Is Openvpn Access Server a good option for remote and site-to-site VPN?

A client has two branch offices in different geographical areas that need to be connected to their headquarters, via VPN, primarily for data backup purposes.

The backup application is going to run on an in-house Windows server in the headquarters. The I.T administrator at the hq will log in to the systems at the branch offices remotely and perform the backup manually.

My original idea was to put UTM boxes in each location to create the VPN, but after looking at the OpenVPN Access server from, it looks like it could do the trick for a much lower cost.

Does anyone here have any experience using OpenVpn Access server? Would you recommend it for my purpose? It looks like we will have to use the Virtual appliance as we will be running it on a Windows Server.

Thanks in advance.
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QlemoConnect With a Mentor Batchelor and DeveloperCommented:
The site says:
OpenVPN Access Server supports  a wide range of configurations, including secure and granular remote access to internal network and/ or private cloud network resources and applications with fine-grained access control.
That is, you can secure remote access via OpenVPN, but nothing else. It is not a full-size multi-purpose firewall solution.
As said, if you just want to allow access, not restrict remote resources by user groups, you do not need Access Server.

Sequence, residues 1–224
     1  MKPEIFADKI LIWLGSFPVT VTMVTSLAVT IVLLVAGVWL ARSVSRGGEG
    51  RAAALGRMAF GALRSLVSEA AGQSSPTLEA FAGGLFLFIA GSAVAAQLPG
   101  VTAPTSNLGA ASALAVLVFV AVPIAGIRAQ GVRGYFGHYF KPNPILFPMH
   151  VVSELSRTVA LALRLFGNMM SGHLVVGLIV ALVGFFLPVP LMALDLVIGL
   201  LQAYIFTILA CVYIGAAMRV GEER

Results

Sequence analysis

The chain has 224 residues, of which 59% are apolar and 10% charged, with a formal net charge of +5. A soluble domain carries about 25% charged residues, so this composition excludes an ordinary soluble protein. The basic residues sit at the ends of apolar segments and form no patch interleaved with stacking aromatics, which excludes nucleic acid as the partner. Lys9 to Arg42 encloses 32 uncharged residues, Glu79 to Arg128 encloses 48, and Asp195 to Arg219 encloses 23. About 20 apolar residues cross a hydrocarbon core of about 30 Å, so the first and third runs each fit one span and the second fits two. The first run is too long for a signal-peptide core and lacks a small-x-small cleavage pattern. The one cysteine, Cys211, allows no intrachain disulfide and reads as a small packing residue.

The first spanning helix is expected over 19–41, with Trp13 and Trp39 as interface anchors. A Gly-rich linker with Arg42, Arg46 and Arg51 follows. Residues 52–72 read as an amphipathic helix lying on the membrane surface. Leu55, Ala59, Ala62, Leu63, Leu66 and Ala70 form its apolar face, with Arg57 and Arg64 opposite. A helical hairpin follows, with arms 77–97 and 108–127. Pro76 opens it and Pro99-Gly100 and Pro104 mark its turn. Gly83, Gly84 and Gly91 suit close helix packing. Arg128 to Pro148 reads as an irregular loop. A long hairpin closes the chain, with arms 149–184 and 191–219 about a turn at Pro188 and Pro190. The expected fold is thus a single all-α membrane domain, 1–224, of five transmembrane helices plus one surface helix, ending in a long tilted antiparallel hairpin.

I'm not clear about what the VPN is for (now), and what it should be capable of in the future. As-is, very simplistic approaches are sufficient, like Windows VPN (PPTP), which comes at absolutely no costs and with minimal setup effort.
However, not having a firewall in the HQ makes me quiver if it comes to always-on connections. It doesn't matter for the occassional Internet access, but whenever you want to do connect from outside, you'll usually need something able to protect the innocent, and restrict general availability of services.

And that is another point. If you need to contact a remote site, you need something able to forward dedicated traffic. Imagine you want to contact a VPN service, which is not hosted on the device managing the connection to the Internet. How should the device know where to send the request to?
Low budget routers allow for simple forwarding rules, and that might be enough here (for now). E.g. they can be configured to forward all inbound PPTP related traffic (to implement Windows VPN) to a single PC running the VPN server (RRAS). You would not be able to restrict that on the router, to allow only connections from the HQ, so using strong passwords and stuff is a requirement (else they will end up being hacked some day).
QlemoConnect With a Mentor Batchelor and DeveloperCommented:
For backup and maintenance purposes the free OpenVPN community edition should suffice, and that can be run on Windows, either in a point-to-point or client-server configuration. Both will allow full routing, but no firewalling.
The free edition is less comfortable, but still nothing difficult to set up.
BTW, Astaro hardware firewalls are one of many manufacturers who incorporate OpenVPN into their products.
scmeevenAuthor Commented:
@Qlemo, thanks for your comment, especially the point about the free edition allowing full routing but no firewalling.

At the moment, the client has no firewall at all in their central office, so it's an open connection.

Does the commercial edition of OpenVPN have firewalling capabilities?
scmeevenAuthor Commented:
@Qlemo, thank you for the additional insights into the subject. They are helpful and I appreciate it very much.
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